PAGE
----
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Analysis of Nitrosamines in Cooked Bacon by QuEChERS Sample Preparation and Gas Chromatography–Tandem Mass Spectrometry with Backflushing

Steven J. Lehotay, Yelena Sapozhnikova, Lijun Han, John J. Johnston
Journal of agricultural and food chemistry 2015 v.63 no.47 pp. 10341-10351
shelf life, cooked foods, nitrites, detection limit, food analysis, nitrosamines, pan frying, risk assessment, cooking quality, carcinogenicity, cured meats, microwave cooking, sampling, monitoring, Food Safety and Inspection Service, bacon, food safety, antioxidants, tandem mass spectrometry, gas chromatography, bacteria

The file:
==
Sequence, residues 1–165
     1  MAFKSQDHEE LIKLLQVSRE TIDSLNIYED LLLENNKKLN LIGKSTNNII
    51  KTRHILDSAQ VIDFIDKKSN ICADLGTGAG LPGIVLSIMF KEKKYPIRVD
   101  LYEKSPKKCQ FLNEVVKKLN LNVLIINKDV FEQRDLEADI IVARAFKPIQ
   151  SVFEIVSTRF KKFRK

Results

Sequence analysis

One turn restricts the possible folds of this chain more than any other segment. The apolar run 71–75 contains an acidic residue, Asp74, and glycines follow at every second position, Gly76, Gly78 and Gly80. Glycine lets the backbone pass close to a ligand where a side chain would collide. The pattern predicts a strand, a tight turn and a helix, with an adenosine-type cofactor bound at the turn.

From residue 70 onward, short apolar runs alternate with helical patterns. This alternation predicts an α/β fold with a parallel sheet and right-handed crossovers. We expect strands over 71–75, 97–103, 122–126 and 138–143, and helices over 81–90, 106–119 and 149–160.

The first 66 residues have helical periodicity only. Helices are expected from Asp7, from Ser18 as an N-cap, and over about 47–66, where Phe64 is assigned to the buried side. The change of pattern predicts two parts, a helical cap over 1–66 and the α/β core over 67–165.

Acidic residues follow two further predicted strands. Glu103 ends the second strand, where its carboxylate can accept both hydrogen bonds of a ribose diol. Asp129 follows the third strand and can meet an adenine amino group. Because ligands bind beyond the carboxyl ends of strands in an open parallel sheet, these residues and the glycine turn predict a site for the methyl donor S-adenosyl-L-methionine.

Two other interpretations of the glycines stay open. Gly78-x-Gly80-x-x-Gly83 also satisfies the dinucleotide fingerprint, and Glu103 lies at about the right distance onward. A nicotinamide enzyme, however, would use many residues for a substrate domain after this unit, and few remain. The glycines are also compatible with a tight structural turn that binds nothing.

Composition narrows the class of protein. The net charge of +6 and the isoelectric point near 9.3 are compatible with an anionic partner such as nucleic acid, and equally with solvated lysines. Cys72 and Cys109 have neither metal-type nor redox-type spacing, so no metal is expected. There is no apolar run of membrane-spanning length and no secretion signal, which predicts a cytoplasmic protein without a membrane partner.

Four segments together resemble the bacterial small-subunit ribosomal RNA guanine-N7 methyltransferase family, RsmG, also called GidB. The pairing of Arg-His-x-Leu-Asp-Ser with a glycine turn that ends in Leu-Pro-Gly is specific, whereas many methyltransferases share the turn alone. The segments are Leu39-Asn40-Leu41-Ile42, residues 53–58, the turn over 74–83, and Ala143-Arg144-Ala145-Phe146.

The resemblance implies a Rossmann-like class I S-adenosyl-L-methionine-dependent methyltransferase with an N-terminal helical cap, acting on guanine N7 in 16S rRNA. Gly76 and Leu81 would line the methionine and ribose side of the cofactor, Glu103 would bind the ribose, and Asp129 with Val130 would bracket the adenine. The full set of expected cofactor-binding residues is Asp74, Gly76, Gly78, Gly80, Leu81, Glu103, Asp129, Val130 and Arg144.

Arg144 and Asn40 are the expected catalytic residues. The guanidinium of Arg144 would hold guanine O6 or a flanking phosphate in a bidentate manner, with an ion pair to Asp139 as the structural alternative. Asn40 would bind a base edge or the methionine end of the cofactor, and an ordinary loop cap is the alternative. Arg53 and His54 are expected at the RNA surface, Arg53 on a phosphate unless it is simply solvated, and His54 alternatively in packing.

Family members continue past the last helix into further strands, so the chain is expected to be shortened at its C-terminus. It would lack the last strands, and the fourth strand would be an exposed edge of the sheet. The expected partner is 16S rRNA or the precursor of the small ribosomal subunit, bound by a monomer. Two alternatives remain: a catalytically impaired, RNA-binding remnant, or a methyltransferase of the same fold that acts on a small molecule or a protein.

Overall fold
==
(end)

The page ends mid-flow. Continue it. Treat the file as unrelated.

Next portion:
Nitrites are added as a preservative to a variety of cured meats, including bacon, to kill bacteria, extend shelf life, and improve quality. During cooking, nitrites in the meat can be converted to carcinogenic nitrosamines (NAs), the formation of which is mitigated by the addition of antioxidants. In the past, the U.S. Department of Agriculture (USDA) Food Safety and Inspection Service (FSIS) monitored NAs in pan-fried bacon, but FSIS terminated monitoring of NAs in the 1990s due to the very low levels found. FSIS recently chose to conduct a risk assessment of NAs in cooked bacon to determine if current levels warrant routine monitoring of NAs again. To meet FSIS needs, we developed, validated, and implemented a new method of sample preparation and analysis to test cooked bacon for five NAs of most concern, which consist of N-nitroso-dimethylamine, -diethylamine, -dibutylamine, -piperidine, and -pyrrolidine. Sample preparation was based on the QuEChERS (quick, easy, cheap, effective, rugged, and safe) approach and analysis by gas chromatography–tandem mass spectrometry. Ruggedness was improved markedly in the analysis of the complex fatty extracts by backflushing the guard column, injection liner, and half of the analytical column after every injection. Validation results were acceptable with recoveries of 70–120% and <20% RSDs for the five NAs, with a reporting limit of 0.1 ng/g. NA concentrations in 48 samples were all <15 ng/g, with most <1 ng/g and many <0.1 ng/g. Also, microwave cooking of bacon gave slightly lower concentrations overall compared to pan-frying.